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Re: Need Yiddish Vocabulary for Music

According to Anthony Baines in _Musical Instruments Through the Ages_, the
recorder belongs to the family of flageolets, which are fipple-flutes.  He
cites as the first use of the name 'recorder':

" the household accounts for 1388 of the Earl of Derby, later Henry IV, *i
fistula nomine Ricordo*: 'a flute called a keepsake,' evidently from some
Italian nobleman."

Random HouseWebster's College Dictionary gives as the etymology of "flageolet:"

"[1650-60 < F. sp. var. of OF *flajolet* = *flajol* flute (< VL *flabeolum,*
der. of L *flare* to blow) + *-et* et]"

I'd like to point out, however, the similarity of the name to the Greek
*floyera* (in Romanian, *fluier*), which is the shepherd's flute.

Perhaps the term *pastukh-fleyt* is the name to choose, but this takes no
notice of the refinement and nobility brought to the recorder by Renaissance
instrument makers.

This is the best my little bookshelves have to offer. What the heck, I'll let
the folks with the letters after their names take it from here.

Reyzl Kalifowicz-Waletzky wrote:

> Someone wrote:
> >try chaleel for recorder. the ch is like in chupa.
> Chaleel is Hebrew, not Yiddish.
> When you look at Mordkhe Tsanin's Hebrew-Yiddish Dictionary, you find the
> following definitions for the Hebrew term 'chalil':  fleyt, pastukh-fleyt
> (shepard's recorder/whistle), fayfiyol.
> We all know that a 'fleyt' is a flute, but the other two sound good for the
> recorder term people here are looking for.
> Neither Weinreich or Harkavy have a term for 'recorder'.
> My problems with defining recorder as 'fayfl' is that it is always used as
> the term for a whistle, all kinds of whistles, although some whistles are
> also called a 'fayf'.  The other problem with 'fayfl' for a recorder is
> that it does not differentiate itself from a 'fife', the small, high
> pitched wind instrument played with drums in military bands.
> Uriel Weinriech defines a fife as a 'dude' [Remember in Yiddish
> transliteration an 'e' is always pronounced as 'eh', not as in the English
> term dude ranch.].  We also have the Yiddish expression 'haltn zikh mit der
> dude' which means "to be left holding the bag.  This expression may suggest
> the old Yiddish term for bagpipes, which is a different instrument.  Paul
> Abelson's "English-Yiddish Encyclopedic Dictionary" (1924) defines bagpipes
> as a 'dudl-zak' or 'zak-fayf' (the latter being Harkavy's term too).   So
> now we may want to know what is a 'dudke'.
> In his 1908 "Complete English-Jewish Dictionary", Harkavy defines 'fife' as
> 'kver=fife' and 'fleytl' while in his 1928 "Yidish-English-Hebreyish
> Verterbukh", he defines 'fleyt' as 'flute' in English and 'chalil' in
> Hebrew.  However, he also has the following Yiddish terms:
> 'fayf'= fife in English and 'chalil' in Hebrew.
> 'fayfiyol'= flute in English and 'chalil' in Hebrew.
> 'fayfer'= whistler, piper in English and 'mekhalel bachalil' in Hebrew.
> 'fayfke'= blowpipe in English...
> 'dude'= pipe in English and 'chalil' in Hebrew.
> 'dudke'= pipe in English and 'chalil' in Hebrew.
> My home dictionary shows 5 different kinds of German recorders and none of
> these recorders look like the traditional plastic ones most kids get in
> school today or the wooden ones most people saw in Israel in the last 50
> years.
> It seems that there are so many different kinds of recorders, fifes, and
> whistles, that even the lexicographers couldn't tell them apart or how they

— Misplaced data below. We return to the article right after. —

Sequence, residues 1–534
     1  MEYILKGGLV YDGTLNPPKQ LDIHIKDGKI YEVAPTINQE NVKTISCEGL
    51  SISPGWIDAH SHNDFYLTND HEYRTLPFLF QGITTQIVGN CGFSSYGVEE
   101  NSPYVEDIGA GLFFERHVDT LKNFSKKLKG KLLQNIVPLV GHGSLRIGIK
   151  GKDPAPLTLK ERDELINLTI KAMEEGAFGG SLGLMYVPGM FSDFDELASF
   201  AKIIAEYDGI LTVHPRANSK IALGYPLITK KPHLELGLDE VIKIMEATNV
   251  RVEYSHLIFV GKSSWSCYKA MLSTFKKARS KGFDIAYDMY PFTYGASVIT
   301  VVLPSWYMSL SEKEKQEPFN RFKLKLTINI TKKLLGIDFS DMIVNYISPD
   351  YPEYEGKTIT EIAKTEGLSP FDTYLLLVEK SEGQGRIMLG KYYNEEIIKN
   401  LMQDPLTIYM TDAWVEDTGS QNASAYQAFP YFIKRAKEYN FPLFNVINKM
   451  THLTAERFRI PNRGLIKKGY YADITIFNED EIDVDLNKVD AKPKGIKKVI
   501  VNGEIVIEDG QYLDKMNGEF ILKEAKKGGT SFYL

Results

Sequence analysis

> were different.  This confusion may mean that they didn't bother to ask the
> experts.  It may also be the case that some of these instruments were used
> by the armies and not by Jews; or (2) that these instruments had limited
> use (geographic or functional) and there were not sufficient reason to for
> Jews to develop a terminology for them.
> We do know that:
> Sirene = siren, which should be the same as a ' liaremfayfl'
> Dampfayfl should mean a "steam whistle"  (Is there any other kind of
> instrument propelled by steam??)
> It would be nice to know precisely what any of the following are:
> fifak, verbl, tibye, flazsholet, hudok/gudok.
> No time for any more research.
> Reyzl Kalifowicz-Waletzky
> ----------
> From:  Itzik Gottesman [SMTP:itzik (at) mail(dot)utexas(dot)edu]
> Sent:  Wednesday, March 22, 2000 10:49 AM
> To:  World music from a Jewish slant
> Subject:  Re: Need Yiddish Vocabulary for Music
> According to Stuchkov's entry under "muzik-instrumentn, shtim" group 286,
> pages 256-257, the following are listed under the "flute" category:
> "fleyt, fyol, shtolper [klezmer language], aktavfleyt, pifero, fayfyol,
> tibye, pikolo, flazsholet" . So piccolo is listed in this group.
>  A paragraph later he has another grouping " fayf, fayfl, fifak, verbl,
> dude, dudke, svistok, svistshun, visl [american], fabrikfayfl, hudok,
> gudok, liaremfayfl, sirene, dampfayfl, damffayfl etc"
> I thought Paula/Perl's suggestion of "fayfl" for recorder was a good one.
> As you see, Stuchkov includes some klezmer jargon. Other terms he lists:
> clarinet - vursht (as in sausage, salami)
> fiddle - varplye
> trumpet - tshaynik [yes, as in "hak mir nit in."]
> drum- tshekal
> drummer - tshekalnik
> klezmer - labroshnik
> cantor - zhokhalnik
> - Itzik
> -----------------------------------
> Dr. Itzik Nakhmen Gottesman
> Assistant Professor, Yiddish Language and Culture
> Department of Germanic Studies
> University of Texas at Austin
> EPS 3.102
> Austin, TX 78704-1190
> NEW PHONE NUMBER (512)232-6360 work
> (512)444-3990 home

Owen Davidson
Amherst  Mass
The Wholesale Klezmer Band

The Angel that presided o'er my birth
Said Little creature formd of Joy and Mirth
Go Love without the help of any King on Earth

Wm. Blake

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